Right now, we have high rates of dropouts among young boys. By the time you come to Advance Level and higher education, our system retains more girls than boys. We need to know why that is. Where are those boys ending up? We have to have systems that would retain boys in education. A proper plan that looks at what kind of education systems will best be able to develop people’s potential. Those reforms are necessary in the general and tertiary education system, starting from preschool.
Then we need to invest in sectors that will generate employment opportunities. We need reforms in our public sectors so that we are not stuffing the public sector with people who are just pushing papers and pens around. We need to create more useful and innovative jobs. For example, we don’t have enough social workers in our system. Social workers are not people who are sitting behind desks and filling forms. These are people who are out and about doing social interventions. But that requires a huge transformation in the public sector.
The private sector must also be incentivized to invest more in places outside major cities and generate employment in such places thereby, uplifting our rural areas. The private sector needs to be provided with the necessary infrastructure and opportunities for that. When we say private sector, it’s not only the service sector. We can have not-for-profit sectors, industrial sectors, research sectors, development sectors. The public and private sectors must act together with a plan, a vision for this country.
If we look at what our economic policy has been for the last several decades or so, the complete focus is on urban areas. For labour work, we are pulling in people from the rural areas. It is then about creating a labour class. That should not be the aspiration. Even labour work can be more industrialized and most importantly, labour work must be given more dignity. We should not anyway be drawing everyone to the cities. That would be creating other social problems.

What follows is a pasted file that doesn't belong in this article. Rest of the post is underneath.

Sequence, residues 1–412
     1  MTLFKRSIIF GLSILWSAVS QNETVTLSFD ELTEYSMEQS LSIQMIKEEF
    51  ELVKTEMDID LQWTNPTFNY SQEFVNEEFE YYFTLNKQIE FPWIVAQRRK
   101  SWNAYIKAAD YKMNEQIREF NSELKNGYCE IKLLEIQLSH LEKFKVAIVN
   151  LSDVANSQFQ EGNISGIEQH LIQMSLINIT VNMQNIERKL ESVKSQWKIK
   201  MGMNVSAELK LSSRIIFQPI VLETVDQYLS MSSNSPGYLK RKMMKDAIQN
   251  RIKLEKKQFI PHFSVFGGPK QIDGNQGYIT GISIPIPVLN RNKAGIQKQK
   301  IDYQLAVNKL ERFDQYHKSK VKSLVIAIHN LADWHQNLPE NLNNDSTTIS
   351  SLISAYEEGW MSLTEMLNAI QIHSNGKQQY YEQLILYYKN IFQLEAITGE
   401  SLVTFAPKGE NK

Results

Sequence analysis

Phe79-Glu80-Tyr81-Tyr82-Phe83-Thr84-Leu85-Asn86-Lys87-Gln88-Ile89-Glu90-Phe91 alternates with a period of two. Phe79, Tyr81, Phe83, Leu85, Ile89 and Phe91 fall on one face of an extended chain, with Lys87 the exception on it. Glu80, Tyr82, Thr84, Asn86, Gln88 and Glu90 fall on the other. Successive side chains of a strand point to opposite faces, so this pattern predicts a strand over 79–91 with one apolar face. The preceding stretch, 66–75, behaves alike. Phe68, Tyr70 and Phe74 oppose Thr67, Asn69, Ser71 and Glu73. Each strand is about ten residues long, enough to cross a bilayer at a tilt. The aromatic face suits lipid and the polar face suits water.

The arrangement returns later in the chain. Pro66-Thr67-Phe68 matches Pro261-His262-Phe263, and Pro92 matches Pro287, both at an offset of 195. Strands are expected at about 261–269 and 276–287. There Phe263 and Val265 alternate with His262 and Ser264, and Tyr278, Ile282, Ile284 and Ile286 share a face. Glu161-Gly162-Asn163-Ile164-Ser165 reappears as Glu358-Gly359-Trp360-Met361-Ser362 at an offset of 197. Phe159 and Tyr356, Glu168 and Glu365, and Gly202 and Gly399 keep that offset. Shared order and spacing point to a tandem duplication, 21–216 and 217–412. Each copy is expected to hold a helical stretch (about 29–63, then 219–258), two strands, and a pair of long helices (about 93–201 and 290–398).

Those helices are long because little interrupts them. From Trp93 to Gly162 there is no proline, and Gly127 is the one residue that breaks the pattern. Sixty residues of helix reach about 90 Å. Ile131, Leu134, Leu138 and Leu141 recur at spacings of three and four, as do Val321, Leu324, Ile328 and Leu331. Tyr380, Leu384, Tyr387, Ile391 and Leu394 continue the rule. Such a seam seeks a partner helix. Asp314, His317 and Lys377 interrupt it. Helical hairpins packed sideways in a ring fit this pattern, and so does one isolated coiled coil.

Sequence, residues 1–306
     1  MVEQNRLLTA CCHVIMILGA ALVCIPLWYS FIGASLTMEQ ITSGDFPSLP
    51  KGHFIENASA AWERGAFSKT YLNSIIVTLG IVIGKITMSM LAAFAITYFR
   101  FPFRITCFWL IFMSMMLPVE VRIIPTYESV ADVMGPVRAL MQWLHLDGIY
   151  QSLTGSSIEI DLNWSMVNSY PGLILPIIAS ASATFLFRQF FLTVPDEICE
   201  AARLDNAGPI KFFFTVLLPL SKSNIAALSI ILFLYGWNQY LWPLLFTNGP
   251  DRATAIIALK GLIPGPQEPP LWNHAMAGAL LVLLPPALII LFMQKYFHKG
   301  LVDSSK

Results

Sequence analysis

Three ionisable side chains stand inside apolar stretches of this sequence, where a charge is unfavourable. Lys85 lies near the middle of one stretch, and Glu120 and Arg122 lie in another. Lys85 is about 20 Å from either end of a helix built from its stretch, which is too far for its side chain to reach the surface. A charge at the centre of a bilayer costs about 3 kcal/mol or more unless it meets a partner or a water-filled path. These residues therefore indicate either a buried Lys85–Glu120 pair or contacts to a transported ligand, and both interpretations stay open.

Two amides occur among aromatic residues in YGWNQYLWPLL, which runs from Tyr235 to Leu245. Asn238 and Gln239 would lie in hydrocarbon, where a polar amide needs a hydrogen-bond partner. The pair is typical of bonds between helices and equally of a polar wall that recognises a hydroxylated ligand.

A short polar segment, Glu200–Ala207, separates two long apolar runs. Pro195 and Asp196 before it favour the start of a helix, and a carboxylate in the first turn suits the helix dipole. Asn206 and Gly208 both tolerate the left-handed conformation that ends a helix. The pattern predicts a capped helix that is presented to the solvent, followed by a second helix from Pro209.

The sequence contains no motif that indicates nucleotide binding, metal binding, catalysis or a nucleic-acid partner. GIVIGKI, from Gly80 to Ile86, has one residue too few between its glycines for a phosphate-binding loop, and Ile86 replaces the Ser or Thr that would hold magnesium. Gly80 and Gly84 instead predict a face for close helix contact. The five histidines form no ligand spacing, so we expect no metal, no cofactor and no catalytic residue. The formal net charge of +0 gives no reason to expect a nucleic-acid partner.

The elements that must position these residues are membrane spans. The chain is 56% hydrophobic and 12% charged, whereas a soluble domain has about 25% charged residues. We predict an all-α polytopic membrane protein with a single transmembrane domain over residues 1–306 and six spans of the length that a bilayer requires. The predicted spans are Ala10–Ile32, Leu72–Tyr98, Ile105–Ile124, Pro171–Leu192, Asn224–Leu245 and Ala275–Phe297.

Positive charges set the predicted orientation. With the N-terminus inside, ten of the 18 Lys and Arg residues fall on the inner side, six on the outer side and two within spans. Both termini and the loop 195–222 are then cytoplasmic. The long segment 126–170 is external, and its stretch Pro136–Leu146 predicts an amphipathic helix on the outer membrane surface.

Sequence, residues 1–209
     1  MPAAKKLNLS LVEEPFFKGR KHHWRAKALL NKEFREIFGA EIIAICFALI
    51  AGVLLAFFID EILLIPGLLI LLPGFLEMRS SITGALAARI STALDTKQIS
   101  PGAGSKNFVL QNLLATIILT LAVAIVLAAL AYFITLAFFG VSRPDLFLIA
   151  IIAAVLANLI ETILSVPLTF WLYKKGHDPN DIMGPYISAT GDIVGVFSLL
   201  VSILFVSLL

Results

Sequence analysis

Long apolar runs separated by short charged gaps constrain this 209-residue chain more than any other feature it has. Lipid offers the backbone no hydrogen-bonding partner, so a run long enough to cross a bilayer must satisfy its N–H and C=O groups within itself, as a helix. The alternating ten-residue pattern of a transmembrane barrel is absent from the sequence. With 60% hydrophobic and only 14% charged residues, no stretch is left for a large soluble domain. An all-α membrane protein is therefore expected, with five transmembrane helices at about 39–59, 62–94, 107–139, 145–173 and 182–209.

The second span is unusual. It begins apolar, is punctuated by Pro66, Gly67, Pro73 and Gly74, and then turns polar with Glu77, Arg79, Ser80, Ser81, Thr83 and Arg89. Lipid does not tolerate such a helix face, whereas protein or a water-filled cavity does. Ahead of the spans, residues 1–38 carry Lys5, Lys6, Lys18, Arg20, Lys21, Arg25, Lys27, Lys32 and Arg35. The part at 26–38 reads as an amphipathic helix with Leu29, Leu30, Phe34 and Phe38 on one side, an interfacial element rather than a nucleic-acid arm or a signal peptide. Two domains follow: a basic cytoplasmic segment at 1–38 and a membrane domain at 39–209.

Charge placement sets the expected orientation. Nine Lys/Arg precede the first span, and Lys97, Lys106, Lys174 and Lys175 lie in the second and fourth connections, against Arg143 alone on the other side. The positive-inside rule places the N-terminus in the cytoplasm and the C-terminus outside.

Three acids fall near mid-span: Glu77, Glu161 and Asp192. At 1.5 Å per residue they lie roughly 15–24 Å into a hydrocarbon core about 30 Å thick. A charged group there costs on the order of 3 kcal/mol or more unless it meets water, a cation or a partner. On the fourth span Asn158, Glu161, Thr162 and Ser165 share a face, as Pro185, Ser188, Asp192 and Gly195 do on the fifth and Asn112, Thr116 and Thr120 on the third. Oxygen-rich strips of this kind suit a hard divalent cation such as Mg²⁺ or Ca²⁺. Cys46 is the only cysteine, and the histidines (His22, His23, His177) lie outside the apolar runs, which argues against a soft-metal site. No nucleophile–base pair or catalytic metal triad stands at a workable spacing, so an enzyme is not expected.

So, this requires an approach to the economy that is not thinking only of profits and growth of a few sectors. We have to think about how economic growth will affect the majority, rather than a few, and identify the areas of economy which will work for more people, and which will have not just purely economic outputs but also respond to very important social issues in society which is what ultimately will be contributing to stability.
We cannot have economic systems that generate more uncertainties, more risks. Look at what is happening with our economy right now with covid restrictions. Our economy cannot cope. We are put in a desperate situation demanding us to make a choice between having the economy functioning and our people’s lives . What is the point of having such an economy?
As you mentioned earlier, more opportunities are available to English-speaking youth due to the image that society has on the ability to speak English. How do we tackle this problem and create a more equal ground?